In the heart of the African continent, a transformative journey is underway. A journey guided by bold aspirations and a shared vision for a future that transcends borders, languages, cultures and connects
nations. As the sun rises on a new era, the African Continental Free Trade Area (AfCFTA) emerges as the herald of change, promising to reshape the economic landscape of the continent.

Brief Overview of AfCFTA

The AfCFTA, aims to establish a single market for goods and services, facilitating the free movement of people, capital and investments across Africa. The AfCFTA is the world’s largest free trade area bringing together the 55 countries of the African Union (AU) and eight (8) Regional Economic Communities (RECs). The overall mandate of the AfCFTA is to create a single continental market with a population of about 1.3 billion people and a combined GDP of approximately US$ 3.4 trillion. This presents an unprecedented opportunity for businesses to expand their reach and tap into new consumer bases. The AfCFTA is one of the flagship projects of Agenda 2063: The Africa We Want, the African Union’s long-term development strategy for transforming the continent into a global powerhouse. The AfCFTA entered into force on May 30, 2019, after 24 Member States deposited their Instruments of Ratification following a series of continuous continental engagements spanning since 2012. It was launched at the 12th Extraordinary Session of the AU Assembly of Heads of State and Government in Niamey – Niger, in July 2019. The commencement of trading under the AfCFTA was on January 1, 2021. A customs union is a trade bloc which is composed of a free trade area with a common external tariff. Member countries set up a common external trade policy, which increases economic efficiency and establishes closer political and cultural ties between the member countries.
State Parties are the AU Member States that have ratified the AfCFTA Agreement or acceded to it, and for which the AfCFTA Agreement is in force. Only the State Parties will have rights and obligations under
the AfCFTA Agreement.

The General Objectives of the AfCFTA are to:

1. Create a single market for goods and services, facilitated by movement of persons in order to deepen the economic integration of the African continent and in accordance with the Pan African Vision of “An integrated, prosperous and peaceful Africa” enshrined in Agenda 2063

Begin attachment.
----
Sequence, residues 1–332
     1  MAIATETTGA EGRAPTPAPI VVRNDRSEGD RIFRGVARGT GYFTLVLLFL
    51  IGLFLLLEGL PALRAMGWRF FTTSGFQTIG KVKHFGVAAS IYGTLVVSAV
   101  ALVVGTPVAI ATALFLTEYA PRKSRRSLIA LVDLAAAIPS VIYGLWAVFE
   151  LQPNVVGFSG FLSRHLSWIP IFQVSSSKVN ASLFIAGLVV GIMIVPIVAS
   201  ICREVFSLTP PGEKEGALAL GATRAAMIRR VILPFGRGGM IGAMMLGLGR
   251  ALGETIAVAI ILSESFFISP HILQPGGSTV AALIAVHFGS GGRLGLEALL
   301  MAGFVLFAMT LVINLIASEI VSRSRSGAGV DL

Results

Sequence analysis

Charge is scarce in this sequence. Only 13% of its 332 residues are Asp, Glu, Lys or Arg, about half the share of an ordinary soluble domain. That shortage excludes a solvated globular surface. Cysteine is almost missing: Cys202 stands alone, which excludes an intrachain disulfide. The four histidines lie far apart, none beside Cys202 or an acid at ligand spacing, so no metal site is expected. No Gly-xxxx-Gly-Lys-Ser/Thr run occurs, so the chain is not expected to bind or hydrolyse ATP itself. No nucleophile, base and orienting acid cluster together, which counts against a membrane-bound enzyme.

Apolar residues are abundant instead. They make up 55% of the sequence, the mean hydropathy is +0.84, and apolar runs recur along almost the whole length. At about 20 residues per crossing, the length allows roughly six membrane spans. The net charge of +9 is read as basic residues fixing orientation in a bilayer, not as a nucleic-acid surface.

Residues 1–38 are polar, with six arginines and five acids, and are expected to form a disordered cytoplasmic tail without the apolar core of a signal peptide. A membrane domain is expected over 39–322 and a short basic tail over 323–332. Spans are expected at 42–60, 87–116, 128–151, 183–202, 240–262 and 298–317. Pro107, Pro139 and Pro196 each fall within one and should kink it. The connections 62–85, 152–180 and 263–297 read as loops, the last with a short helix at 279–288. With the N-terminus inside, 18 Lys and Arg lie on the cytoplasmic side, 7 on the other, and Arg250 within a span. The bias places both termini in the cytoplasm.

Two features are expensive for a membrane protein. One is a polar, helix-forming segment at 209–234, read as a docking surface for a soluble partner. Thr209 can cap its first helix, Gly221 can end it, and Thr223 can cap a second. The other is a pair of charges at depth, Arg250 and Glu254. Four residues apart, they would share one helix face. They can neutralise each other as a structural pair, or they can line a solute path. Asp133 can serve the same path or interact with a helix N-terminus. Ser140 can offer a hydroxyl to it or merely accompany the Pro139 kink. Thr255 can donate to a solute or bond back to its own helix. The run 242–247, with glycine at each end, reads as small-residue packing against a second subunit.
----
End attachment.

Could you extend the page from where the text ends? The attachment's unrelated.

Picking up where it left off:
2. Create a liberalised market for goods and services through successive rounds of negotiations

3. Contribute to the movement of capital and natural persons and facilitate investments building on the initiatives and developments in the State Parties and RECs

4. Lay the foundation for the establishment of a Continental Customs Union at a later stage

5. Promote and attain sustainable and inclusive socio-economic development, gender equality, and structural transformation of the State Parties

6. Enhance the competitiveness of the economies of State Parties within the continent and the global market

7. Promote industrial development through diversification and regional value chain development, agricultural development, and food security; and

8. Resolve the challenges of multiple and overlapping memberships and expedite the regional and continental integration processes.

However, it’s essential to acknowledge the challenges ahead. Implementing the AfCFTA effectively requires addressing infrastructure deficiencies, improving trade facilitation, and harmonizing regulations across the diverse African nations.

Institutional Framework For AfCFTA

The Secretariat functions as the coordinating body for all its activities, serving as the administrative organ mandated to coordinate the implementation of the AfCFTA. The Secretariat is responsible for convening meetings, monitoring and evaluating the implementation process of the AfCFTA and other duties assigned to it by the AU Assembly of Heads of State, the Council of Ministers and the Committee of Senior Trade Officials. The Secretariat houses experts in legal affairs, economic policymaking, research and communications, to assist Member States, among other things, in ensuring easy progress of negotiations and that the rules set out in the Agreement are correctly applied and enforced.

In conclusion, the AfCFTA is not just a trade agreement; it’s a catalyst for African economic integration and development. Its potential is immense, offering a chance for African nations to unlock their economic potential, reduce poverty, and become more self-reliant. While there are hurdles to overcome, the AfCFTA lays a path towards a more prosperous and interconnected Africa.

“ Unless Africa uses modern technologies, our farmers’ output will remain low and we
will remain dependent on others to feed us. ”

Dr. Akinwumi Adesina

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